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# enthalpies of hydration watch

1. Hello there, needed help on the following question.

When calcium chloride dissolves in water, the process can be represented by the following equation:

Ca2+(Cl-)2 +aq > Ca2+ + 2Cl-

the enthalpy change for this process is called the enthalpy change of solution. Its value can be calculated from an energy cycle using the following data.

Lattice energy of calcium chloride= -2258 kJ mol-1

Enthalpy change of hydration of Ca2+= -1657 kJ mol-1

Enthalpy change of hydration of Cl-= -340 kJ mol-1

a) Draw and label the cycle linking the enthalpy change of solution of calcium chloride with the enthalpy changes in the data above.
b) Use your cycle to calculate the enthalpy change of solution of calcium chloride.
c) what factors affect the size of the enthalpy change of hydration of Ca2+ compared with that of Li+?
d) why are the hydration enthalpies of both anions and cations negative?

I've answered parts a,b and c correctly. It's just part d) I'm stuck on.

Any help would be greatly appreciated.

Many thanks
2. (Original post by ajudd12)
Hello there, needed help on the following question.

When calcium chloride dissolves in water, the process can be represented by the following equation:

Ca2+(Cl-)2 +aq > Ca2+ + 2Cl-

the enthalpy change for this process is called the enthalpy change of solution. Its value can be calculated from an energy cycle using the following data.

Lattice energy of calcium chloride= -2258 kJ mol-1

Enthalpy change of hydration of Ca2+= -1657 kJ mol-1

Enthalpy change of hydration of Cl-= -340 kJ mol-1

a) Draw and label the cycle linking the enthalpy change of solution of calcium chloride with the enthalpy changes in the data above.
b) Use your cycle to calculate the enthalpy change of solution of calcium chloride.
c) what factors affect the size of the enthalpy change of hydration of Ca2+ compared with that of Li+?
d) why are the hydration enthalpies of both anions and cations negative?

I've answered parts a,b and c correctly. It's just part d) I'm stuck on.

Any help would be greatly appreciated.

Many thanks
what is hydration?

does it involve "bond" formation or breaking?

is that exothermic or endothermic? why?
3. (Original post by ajudd12)
d) why are the hydration enthalpies of both anions and cations negative?
I've answered parts a,b and c correctly. It's just part d) I'm stuck on.
Any help would be greatly appreciated.
Many thanks
You're forming bonds between solute and solvent when you dissolve something, and dissolution can be either endo or exothermic depending on whether it took more energy to break bonds in the process, or took more to form them. When you dissolve something in aqueous solution, you're dissolving it in water.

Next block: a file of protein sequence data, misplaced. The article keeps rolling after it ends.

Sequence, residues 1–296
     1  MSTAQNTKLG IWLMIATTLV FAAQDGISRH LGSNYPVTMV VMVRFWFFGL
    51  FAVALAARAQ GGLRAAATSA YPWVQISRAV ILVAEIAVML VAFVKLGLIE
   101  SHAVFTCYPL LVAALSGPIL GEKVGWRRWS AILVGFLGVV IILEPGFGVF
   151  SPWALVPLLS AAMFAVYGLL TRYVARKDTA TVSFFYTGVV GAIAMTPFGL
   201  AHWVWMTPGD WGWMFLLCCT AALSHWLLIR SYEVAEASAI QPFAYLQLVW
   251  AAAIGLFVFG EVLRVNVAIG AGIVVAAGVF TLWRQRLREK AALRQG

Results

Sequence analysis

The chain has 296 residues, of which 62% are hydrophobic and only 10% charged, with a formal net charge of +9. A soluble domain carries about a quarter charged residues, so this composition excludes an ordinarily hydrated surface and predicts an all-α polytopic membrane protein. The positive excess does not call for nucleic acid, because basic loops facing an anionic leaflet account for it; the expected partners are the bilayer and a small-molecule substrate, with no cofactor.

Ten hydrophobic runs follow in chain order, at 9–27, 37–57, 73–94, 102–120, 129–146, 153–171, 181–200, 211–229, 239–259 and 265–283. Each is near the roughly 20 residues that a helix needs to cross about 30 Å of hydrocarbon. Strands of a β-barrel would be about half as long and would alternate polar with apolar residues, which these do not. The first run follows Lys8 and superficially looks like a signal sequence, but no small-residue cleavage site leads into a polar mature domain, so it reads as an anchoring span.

So it's more vigorous because opposite charges attract and water has a load of H+ floating around, and OH-, so whether it's an anion or a cation, water has both types of ion which will form ionic bonds (between oppositely charged ions) in solution.

Definition of the enthalpy of hydration is when 1 mole of gaseous ions are dissolved in an infinite amount of water solution forming one mole of aqueous ions under standard conditions (298K and pressure of 1 atmosphere)

When you dissolve cations/anions in water, you used more energy to form the bonds between the water ions and the cations/anions; hence the amount of bonds formed releases more energy than the amount of bonds broken in the solution, so the overall enthalpy change is negative, as bond forming is an exothermic process.
4. Ah I see. Thank you
5. To be precise, there is no bond breaking at all - by definition of the enthalpy of hydration you use "scattered" gaseous ions (i.e. gaseous ions in theory far enough apart that there are no forces of attraction holding them together and thus no bonds to be broken) whereas when the ions are then dissolved in water you form bonds between the ions and the water, meaning that your reaction will be exothermic overall.

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Updated: April 11, 2013
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